Wednesday, September 10, 2008

White Diamonds

And the second show of the night...

"Smoke & Mirror" -detail

"Snakes Eyes." Jody Fausett's new show of photography at Whitespace gallery. I had seen snipits of proof prints and digital images here and there as the body of work was shaping up, making me increasingly excited as to what Fausett had up under his sleeve.

"Smoke & Mirror" - detail - 2008

The new show does not disappoint - pushing the content of his photography one step further, Fausset delves deeper into his version of neverland. Using low-fi tricks and his grandmother's as models, the work comes across as something unpretentiously pure, something as real as the imagined gets.

Each time I see Fausett's work I am reminded of what art can be without the artifice, without the MFA manufactured artist's stabs at originality and importance through formulated statements and hollow work. Fausett's images assume nothing and would exist whether or not there was a gallery to show it or a critic to praise it. Fausett is simply creating images he wants to make, which is a surprisingly unusual endeavor.

The large print sizes and placement of the works were well thought out, each relating to the next and adding up to a very focused exploration by Fausett into his unique visual language and sense of fictional reality.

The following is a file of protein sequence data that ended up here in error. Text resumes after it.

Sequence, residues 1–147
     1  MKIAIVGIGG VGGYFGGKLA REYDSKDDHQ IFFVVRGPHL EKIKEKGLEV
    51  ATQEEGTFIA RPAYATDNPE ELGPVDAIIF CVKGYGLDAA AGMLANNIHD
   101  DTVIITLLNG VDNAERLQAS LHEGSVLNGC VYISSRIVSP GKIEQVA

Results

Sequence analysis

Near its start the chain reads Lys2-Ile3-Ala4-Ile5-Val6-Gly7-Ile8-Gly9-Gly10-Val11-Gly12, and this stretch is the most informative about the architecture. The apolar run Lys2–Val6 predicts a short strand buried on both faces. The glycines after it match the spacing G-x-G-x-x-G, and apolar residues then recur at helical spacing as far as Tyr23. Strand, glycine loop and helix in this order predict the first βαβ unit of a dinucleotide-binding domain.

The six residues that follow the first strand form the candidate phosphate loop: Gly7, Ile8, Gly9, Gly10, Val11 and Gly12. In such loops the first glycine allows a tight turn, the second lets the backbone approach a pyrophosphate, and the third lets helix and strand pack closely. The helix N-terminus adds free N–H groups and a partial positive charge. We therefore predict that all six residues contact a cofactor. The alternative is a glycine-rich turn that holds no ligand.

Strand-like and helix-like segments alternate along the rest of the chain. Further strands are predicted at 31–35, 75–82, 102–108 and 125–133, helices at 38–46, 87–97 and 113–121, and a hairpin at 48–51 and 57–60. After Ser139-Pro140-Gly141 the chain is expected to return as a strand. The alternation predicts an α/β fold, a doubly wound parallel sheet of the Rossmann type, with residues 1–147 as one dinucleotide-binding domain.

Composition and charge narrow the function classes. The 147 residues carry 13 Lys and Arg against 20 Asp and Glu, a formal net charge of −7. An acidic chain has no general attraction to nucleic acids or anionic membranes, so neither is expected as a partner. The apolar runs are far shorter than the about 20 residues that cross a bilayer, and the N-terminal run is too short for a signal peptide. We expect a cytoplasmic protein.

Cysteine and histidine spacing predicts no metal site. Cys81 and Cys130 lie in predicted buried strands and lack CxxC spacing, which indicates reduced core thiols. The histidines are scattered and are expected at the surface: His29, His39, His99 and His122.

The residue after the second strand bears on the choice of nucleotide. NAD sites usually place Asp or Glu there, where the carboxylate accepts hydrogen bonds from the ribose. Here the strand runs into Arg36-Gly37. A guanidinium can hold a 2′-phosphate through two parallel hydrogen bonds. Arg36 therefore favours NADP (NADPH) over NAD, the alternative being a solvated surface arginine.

"Peacock" Giclee Print - 2008

Ran into Kirsten Mitchell, aka Kiki Blood, at the opening who leaves in a week for Italy to present a further developed rendition of her Pyramid piece and I may have convinced her to pass along pictures from the show after she returns.

"Bear" Giclee Print - 2008

And in thinking about the show I managed to get hold of Fausett long enough for a short interview about his new work. Here goes:

Jonathan: Jody, hey, your show looked awesome!

Jody: Thanks, I was bummed we didn't get to talk but I didn't really talk to many friends. That's how the night goes I guess.

"Mink & Leather" Giclee Print - 2008

Jonathan: yeah, it's really hard to focus at an opening, too many people coming from every direction. But in thinking about your show I had a couple of questions… For me "Snake Eyes" is a logical evolution from your previous show "Smoke From Another Fire." I feel like the work has grown more complex and personal, which is due in part to the inclusion of more people in the photographs instead of focusing on taxidermied animals. While there is a good deal of posing involved either way, including another person makes it a more collaborative process and by using family members I imagine the photographic process must become much more intimate? What has it been like for you to photograph your grandmothers?

"Mink & Leather" - detail

Jody: I thought the show was going to be heavier on the figurative side and less of the animals, but when I finished it seemed to be about half and half. A lot of changes have occurred since I did that last show so I wanted to do strong and bad ass shots of my grandmothers. It seemed like a good time for the images to be made. Posing is important to me, I can't help it that is how I have always shot. They usually start the position and I come in and tweak it some. The props are there, I use them. My grandmother had the baseball bat by the door and I asked her "well, have you actually held it and felt the weight of it?" I think it is a good experience on both sides.